When Evan Rachel Wood swing her long, blond hair and thrusts out her newly studded tongue at her mother in the movie Thirteen, parents of adolescent girls across America will have the same dreadful thought.
Could this happen to my daughter?It certainly ran through the mind of Susan Saltrick, a New York mother who caught a sneak preview of Thirteen with her own 13-year-old daughter.
The movie, which opens in theaters today, takes an unflinching look at the life of 13-year-old named Tracy (Wood) who befriends Evie, the most popular girl in her Los Angeles high school. Soon Tracy joins her troubled pal in a disturbing odyssey of sexual experimentation, drug use, shoplifting, and "cutting," a type of self-mutilation that involves slashing one's own flesh with a sharp object.
In short, Thirteen is chock-full of the stuff that keeps parents awake at night.
"I was stunned and shaken," Saltrick said. "It was striking to me the transition, how quickly it all eroded. The mother couldn't intervene, and it all felt very accelerated. It was every parent's fear, as though this girl just fell off a cliff."
To Saltrick, the most disturbing part was watching Tracy descend from an A-student who wrote poetry in her spare time to an angst-filled teen who cuts herself. And, even more chilling, this isn't a story dreamed up by a Hollywood producer.
Good Girl, Bad Girl
Nikki Reed, the 15-year-old who plays Evie, co-wrote the screenplay, basing it on her own life — though she says the sex and drug use were overexaggerated.
In real life, she says, she was the "good girl" led astray by a "bad girl" friend — but it wasn't just peer pressure. Reed says she simply woke up one day with a liberating thought: She would no longer care what her mother or teachers thought about her actions.
Sarah Meyer, Saltrick's 13-year-old daughter, said that she wasn't as shocked by the movie as her mother was, but she did find it scary.
"I know kids who have taken drugs, and had sex, and cut, but not who have done all those things, not on such a scale," Sarah said. "She [Tracy] was doing it all as bad as she could."
But do parents of pre-teens really need to prepare themselves for the girl-gone-wildness that drives the movie? Probably not, experts say.
"The adolescent rebellion business is overblown," said Harold D. Fishbein, a psychology professor at the University of Cincinnati.
Whether children rebel in their teen years really depends on how well their families can rein them in, he said.
That said, it can indeed be bad news when a child gets involved in drugs or becomes sexually promiscuous early on in adolescence.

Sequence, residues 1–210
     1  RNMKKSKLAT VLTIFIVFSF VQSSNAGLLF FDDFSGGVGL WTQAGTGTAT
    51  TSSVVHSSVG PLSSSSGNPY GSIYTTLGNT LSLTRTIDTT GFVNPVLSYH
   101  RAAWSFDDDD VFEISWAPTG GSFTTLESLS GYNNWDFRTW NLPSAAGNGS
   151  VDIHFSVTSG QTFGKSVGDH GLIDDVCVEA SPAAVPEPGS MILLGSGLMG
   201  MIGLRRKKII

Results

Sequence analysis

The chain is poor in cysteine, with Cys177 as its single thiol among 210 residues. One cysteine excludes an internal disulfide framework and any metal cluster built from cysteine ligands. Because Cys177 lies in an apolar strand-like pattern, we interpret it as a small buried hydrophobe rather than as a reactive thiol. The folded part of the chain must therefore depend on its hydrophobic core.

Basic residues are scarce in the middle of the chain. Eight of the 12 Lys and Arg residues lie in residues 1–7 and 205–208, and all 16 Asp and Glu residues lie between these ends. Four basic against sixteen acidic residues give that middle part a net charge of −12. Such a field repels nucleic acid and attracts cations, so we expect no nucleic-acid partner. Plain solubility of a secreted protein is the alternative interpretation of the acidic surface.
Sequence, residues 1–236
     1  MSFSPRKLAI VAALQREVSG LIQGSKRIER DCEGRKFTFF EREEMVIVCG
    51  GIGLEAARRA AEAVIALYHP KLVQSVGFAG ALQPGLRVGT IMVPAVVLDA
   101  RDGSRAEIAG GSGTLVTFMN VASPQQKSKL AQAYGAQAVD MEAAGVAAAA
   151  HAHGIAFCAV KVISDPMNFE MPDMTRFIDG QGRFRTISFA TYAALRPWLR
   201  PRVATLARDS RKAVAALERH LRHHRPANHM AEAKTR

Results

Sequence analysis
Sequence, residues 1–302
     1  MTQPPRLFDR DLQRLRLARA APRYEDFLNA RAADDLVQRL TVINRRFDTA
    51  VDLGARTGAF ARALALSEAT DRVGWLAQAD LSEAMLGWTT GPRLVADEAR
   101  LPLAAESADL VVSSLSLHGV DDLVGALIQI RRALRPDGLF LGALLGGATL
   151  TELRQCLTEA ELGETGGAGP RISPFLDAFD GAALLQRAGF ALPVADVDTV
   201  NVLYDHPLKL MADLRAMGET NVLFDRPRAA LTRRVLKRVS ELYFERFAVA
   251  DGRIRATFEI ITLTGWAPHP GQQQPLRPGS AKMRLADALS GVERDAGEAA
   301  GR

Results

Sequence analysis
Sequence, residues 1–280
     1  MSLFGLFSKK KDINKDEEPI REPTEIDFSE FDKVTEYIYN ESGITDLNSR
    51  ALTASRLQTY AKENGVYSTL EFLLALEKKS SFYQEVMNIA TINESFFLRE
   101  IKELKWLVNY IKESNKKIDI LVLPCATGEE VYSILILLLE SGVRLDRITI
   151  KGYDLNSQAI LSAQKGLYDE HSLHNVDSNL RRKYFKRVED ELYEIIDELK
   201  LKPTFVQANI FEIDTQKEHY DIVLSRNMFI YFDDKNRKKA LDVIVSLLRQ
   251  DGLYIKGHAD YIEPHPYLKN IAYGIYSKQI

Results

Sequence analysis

"I'd say that earlier in adolescence is more detrimental than later in adolescence, and that the problems with drugs are more serious in the long run than problems with sex," Fishbein said.
Time to Change
But even teens who use drugs early on in are not necessarily condemned to a life of trouble. The teenage girl who smokes pot today is by no means the crack-den squatter of tomorrow.
"The younger they start, the more enduring the behavior, but there can be two consequences," said Lewis P. Lipsitt, a professor emeritus of psychology, medical science and human development at Brown University.
"That child may get into more trouble, or they may have more time to have an epiphany, and more time to have an opportunity to reform," he said.
For most people, their adolescent transgressions — whether they were mild or wild — are pretty much past history by the time they hit their 30s.
"Most adults do relatively well with their lives, irrespective of their adolescent activities," Fishbein said.
Bennett L. Leventhal, a professor of psychiatry at the University of Chicago, says that 13 isn't necessarily a pivotal age.
"It's not so magical; it's the first year of being a teen," Leventhal said.
For most girls, the physical changes associated with puberty happen quite a bit earlier. But there are definite cultural landmarks associated with entering the teen years.
For Jewish kids, 13 is the age of the bar or bat mitzvah, a ceremonial bridge into adulthood. Being 13 often means leaving the safety of elementary school for the unpredictable halls of a junior high. Girls who were shopping in the kids' department can suddenly fit into low-riding jeans and belly-baring shirts in the juniors department.